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health food


The Ayurvedic Way.

May 19, 2013

I recently attended a talk about Ayurvedic diet and nutrition at the Sivananda Yoga Centre where I practice yoga these days.  The session was conducted by a yogi couple who used to own a raw food restaurant in New York.  I gleaned a lot of practical advice on how we can tweak our food habits to reap more from what we eat.

Yogis seek to delay the catabolic process of aging, which begins at 35.  Along with a balance in terms of proper breathing, relaxation and exercise, a proper diet can go a long way in combating a lot of health problems.  In fact, numerous lifestyle related health problems can be cured by diet ALONE.

Over the years focus has shifted away from unprocessed and natural (i.e ‘whole’) foods to impure products.  For example, the most commonly used grain is white rice.  White rice is NOT a whole food.  In order for a grain to be whole it must have bran, endosperm and the germ.  White rice has no bran, and bran contains the fibre.  White rice has been denatured, and polished white rice even more so.  Substitute white rice with brown rice.  Try basmati brown rice. 

White flour is not whole.  You can use barley, millet, wheat, gram, quinoa (not locally available in India), oats and buckwheat instead.  The best thing is to use products that are grown locally.  You would be surprised at how many healthy options are available at your local market.  You can ask the shop keeper for brown rice, kuttu ka atta, makki ka atta etc, and chances are that he will have it.  Flax is a great alternative to wheat.  You can grind your flax seeds and use it in lieu of wheat.  Also, for those who don’t eat eggs, flax seeds are a great alternative.  If you start eating whole even one day a week, then you significantly reduce the amount of disease causing matter that goes into your system.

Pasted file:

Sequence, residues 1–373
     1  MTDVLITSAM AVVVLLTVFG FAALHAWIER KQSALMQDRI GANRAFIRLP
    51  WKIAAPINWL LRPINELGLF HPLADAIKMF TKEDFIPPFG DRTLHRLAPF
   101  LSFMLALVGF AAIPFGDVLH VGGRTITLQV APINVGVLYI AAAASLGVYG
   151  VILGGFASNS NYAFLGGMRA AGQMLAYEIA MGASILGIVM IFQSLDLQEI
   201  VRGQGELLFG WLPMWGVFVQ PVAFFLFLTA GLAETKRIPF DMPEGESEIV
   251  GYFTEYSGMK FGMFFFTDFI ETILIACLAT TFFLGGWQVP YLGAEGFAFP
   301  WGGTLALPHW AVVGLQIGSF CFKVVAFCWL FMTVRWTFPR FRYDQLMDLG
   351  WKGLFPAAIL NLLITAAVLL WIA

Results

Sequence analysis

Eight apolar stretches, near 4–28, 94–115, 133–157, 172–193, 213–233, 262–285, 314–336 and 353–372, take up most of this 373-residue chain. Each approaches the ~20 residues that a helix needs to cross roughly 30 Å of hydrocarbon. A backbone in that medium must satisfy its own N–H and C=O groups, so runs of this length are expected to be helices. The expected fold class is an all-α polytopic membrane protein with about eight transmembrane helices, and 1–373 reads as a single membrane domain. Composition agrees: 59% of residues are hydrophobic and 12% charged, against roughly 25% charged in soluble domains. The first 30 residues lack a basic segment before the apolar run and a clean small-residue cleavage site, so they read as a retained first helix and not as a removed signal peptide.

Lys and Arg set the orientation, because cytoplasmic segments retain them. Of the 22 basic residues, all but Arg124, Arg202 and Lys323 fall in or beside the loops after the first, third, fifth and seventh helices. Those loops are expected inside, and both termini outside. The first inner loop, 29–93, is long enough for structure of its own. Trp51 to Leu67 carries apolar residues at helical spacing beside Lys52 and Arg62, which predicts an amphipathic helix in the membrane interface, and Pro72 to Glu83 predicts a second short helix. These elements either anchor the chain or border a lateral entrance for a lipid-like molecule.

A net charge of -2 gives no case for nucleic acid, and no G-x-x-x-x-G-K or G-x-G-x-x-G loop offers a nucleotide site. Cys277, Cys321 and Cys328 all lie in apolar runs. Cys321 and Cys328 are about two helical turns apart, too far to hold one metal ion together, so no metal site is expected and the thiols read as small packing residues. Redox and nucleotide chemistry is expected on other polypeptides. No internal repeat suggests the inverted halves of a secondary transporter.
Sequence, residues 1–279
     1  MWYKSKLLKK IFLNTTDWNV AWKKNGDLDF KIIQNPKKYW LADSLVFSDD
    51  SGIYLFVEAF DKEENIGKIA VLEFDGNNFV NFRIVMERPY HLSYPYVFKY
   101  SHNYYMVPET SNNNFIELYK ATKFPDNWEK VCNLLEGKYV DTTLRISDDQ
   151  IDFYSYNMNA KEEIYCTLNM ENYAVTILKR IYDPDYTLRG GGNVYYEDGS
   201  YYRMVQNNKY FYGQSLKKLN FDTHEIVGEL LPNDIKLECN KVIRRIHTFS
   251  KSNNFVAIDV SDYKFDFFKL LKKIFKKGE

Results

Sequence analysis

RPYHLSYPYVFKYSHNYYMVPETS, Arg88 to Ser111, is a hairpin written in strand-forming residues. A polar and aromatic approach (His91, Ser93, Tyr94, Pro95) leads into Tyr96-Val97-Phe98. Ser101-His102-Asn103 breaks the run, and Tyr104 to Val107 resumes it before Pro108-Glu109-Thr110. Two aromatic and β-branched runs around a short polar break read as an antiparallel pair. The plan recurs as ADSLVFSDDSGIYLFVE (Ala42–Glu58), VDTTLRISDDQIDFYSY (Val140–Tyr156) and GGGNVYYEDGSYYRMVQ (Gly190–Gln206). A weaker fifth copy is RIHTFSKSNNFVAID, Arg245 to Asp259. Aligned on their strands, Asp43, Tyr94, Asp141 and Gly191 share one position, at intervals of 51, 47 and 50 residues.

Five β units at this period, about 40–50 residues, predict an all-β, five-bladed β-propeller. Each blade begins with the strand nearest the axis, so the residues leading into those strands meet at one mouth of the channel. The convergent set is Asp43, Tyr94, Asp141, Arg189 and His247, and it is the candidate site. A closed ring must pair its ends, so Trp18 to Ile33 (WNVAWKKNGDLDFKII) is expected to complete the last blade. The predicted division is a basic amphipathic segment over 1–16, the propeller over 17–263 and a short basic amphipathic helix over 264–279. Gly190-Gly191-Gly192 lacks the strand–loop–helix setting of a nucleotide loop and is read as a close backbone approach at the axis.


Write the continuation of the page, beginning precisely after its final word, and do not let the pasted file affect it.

The more your body is able to digest and break down the nutrients that are available to it, the healthier you will be.  Sprouting is a great way to make your food more digestible.  Sprouts are sattvic. 

Seeds and nuts are another source of nutrition and are available abundantly.  Sunflower seeds contain protein and carbohydrates.  Pumpkin seeds have a lot of zinc.  Sesame seeds can be sprouted.  Snacking on nuts is a great option.  The best nuts to consume are almonds, walnuts and cashews.  Walnuts have omega 3 fatty acids as well.  Always make sure to soak nuts over night before consuming them.  This process will remove the toxins.  Remember to never eat raw peanuts.  They must always be roasted to get rid of toxins.

A discussion about nutrition in the Indian context is incomplete without talking about fried foods.  Why are fried foods so bad for us?  Besides the fact that they increase cholesterol in your system, fried foods also contain free radicals – unstable oxygen molecules.  These oxygen molecules lose electrons and these electrons then bind to other molecules creating more free radicals (unstable molecules).  We need anti-oxidants to combat this attack of the unstable oxygen molecules.  The most common and popular source of anti-oxidants is green tea.  Also, it’s an excellent way to combat dry skin.